In the practice of the present invention, preferably those parts of the apparatus which are subject both to stress and a very low tempera- 4o ture are made of a metal alloy having substantial freedom from internal stress at such temperature. Referring to the drawing, Ill denotes a thick-walled outer vessel of containing apparatus for liquefied gases, which may be made of welded 46 metal sections, and has a spaced inner lining or basket H which hblds a body ll of the liquefied gas, for example, liquid oxygen. The vessel is provided with suitable fluid manipulating connections, for example, a gas-phase withdrawal so connection It and a liquid-phase withdrawal connection l4, together with a filling connection, as shown at l5. v
The vessel It is preferably enveloped with heat insulating material, asshown at It, and has a 66 a other parts as may be desired are fabricated of supporting casing i'l', supporting connections with the casing being provided in any suitable manner, for example by means of cables or chains il. a relatively poor heat conductivity whichiare anchored at one end to the casing and at the other tearing ll thatembracesthevesseL'Inthe apparatus illustrated, the vessel ll. and such a metal alloy having substantial freedom from internal stress at the temperature of liquidoxys A metal alloy, which has the desired freedom from internal stresses and is suitable for making such vessel and other desired parts, maybe prepared in a variety of ways, for example. by disparsing a small amount of a component in a J main metallic mass possessing thedosired ductility, the dispersion being such as to interfere with the normal slip of the planes of metallic lattice when subject to "This eiiects strengthening of the lattice; When the precipitated partlclesare sufiiciently fine, local stresses produced by temperature changes from room temperature to a temperature of liquid oxygen are notsufiicient to produce brittleness.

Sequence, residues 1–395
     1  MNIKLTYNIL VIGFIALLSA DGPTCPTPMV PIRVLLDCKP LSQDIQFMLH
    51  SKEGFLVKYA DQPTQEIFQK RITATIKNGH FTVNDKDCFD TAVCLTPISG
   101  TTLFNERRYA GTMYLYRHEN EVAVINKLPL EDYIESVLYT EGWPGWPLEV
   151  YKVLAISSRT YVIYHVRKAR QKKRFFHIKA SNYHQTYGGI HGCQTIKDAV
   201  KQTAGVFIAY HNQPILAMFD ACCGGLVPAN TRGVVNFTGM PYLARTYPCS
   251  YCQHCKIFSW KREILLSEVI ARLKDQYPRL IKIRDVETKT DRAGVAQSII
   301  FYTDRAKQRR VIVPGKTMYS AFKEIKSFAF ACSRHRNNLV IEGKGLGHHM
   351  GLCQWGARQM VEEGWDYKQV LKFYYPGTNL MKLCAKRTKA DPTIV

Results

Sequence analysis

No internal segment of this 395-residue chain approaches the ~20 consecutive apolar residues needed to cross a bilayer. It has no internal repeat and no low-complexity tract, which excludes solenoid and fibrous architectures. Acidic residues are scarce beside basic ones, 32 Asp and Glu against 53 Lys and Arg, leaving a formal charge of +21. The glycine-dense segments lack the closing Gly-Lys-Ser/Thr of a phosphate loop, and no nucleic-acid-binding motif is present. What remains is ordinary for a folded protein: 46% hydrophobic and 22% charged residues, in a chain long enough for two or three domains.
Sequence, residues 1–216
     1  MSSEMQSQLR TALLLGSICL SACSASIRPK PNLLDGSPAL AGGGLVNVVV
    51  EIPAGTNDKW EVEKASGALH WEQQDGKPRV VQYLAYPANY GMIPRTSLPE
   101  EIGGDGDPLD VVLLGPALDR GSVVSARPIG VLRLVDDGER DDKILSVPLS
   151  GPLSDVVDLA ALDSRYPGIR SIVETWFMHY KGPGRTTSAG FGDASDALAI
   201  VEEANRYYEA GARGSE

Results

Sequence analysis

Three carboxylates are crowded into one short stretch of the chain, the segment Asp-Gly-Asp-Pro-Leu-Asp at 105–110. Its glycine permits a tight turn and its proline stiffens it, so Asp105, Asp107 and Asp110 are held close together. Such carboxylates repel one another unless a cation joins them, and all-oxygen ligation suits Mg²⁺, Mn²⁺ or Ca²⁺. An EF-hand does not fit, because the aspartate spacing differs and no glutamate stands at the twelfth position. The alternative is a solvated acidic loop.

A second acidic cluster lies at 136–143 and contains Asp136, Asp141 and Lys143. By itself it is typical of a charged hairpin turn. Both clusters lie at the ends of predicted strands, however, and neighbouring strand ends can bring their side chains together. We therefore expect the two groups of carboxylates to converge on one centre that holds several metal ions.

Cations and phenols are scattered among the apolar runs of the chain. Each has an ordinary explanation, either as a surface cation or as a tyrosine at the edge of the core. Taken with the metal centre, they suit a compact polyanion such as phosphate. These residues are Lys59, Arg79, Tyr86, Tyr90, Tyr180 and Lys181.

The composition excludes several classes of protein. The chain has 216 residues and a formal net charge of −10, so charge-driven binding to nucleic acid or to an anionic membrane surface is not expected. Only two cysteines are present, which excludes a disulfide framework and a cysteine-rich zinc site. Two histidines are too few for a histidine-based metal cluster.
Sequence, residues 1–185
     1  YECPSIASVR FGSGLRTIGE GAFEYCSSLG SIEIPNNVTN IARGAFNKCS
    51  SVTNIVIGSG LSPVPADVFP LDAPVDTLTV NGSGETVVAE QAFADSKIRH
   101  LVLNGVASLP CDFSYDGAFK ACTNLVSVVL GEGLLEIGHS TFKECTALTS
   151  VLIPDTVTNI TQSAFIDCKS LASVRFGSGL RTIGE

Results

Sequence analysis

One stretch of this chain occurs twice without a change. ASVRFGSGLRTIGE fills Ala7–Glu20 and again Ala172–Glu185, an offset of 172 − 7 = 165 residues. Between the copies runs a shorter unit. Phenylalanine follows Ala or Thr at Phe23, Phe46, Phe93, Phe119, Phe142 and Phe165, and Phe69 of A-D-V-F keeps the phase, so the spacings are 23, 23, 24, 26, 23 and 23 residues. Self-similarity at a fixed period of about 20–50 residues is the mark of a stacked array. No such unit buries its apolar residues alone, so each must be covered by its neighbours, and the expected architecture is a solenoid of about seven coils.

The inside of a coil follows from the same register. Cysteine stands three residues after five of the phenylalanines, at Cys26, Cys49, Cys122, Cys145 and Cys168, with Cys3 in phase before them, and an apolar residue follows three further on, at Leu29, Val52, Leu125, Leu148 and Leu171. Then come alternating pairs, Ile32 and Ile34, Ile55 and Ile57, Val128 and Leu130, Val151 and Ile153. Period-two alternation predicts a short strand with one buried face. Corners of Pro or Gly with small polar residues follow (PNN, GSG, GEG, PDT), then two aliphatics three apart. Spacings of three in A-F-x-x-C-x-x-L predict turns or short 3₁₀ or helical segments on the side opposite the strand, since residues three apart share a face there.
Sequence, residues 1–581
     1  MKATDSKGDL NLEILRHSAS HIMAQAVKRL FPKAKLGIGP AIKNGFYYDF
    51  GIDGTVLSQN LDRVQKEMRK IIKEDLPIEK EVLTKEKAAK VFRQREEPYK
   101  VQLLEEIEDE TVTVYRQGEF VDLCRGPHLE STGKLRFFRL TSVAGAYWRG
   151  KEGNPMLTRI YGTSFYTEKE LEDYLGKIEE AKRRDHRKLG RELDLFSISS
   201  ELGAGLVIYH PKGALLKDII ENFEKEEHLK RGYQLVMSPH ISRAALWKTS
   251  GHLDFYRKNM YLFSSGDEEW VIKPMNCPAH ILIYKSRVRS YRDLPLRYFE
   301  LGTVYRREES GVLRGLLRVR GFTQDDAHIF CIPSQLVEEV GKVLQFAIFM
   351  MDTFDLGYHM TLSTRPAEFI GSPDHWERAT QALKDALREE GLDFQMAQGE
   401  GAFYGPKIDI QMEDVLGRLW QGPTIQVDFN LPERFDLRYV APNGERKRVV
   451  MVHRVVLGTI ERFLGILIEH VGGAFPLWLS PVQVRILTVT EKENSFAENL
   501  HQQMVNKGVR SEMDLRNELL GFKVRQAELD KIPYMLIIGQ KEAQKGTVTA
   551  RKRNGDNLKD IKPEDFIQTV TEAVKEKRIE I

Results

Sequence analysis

If, however, a combination of extremely fine and moderately fine particles is'considered, the local stresses are sufiicient to afiect'seriously the low temperature ductility. Y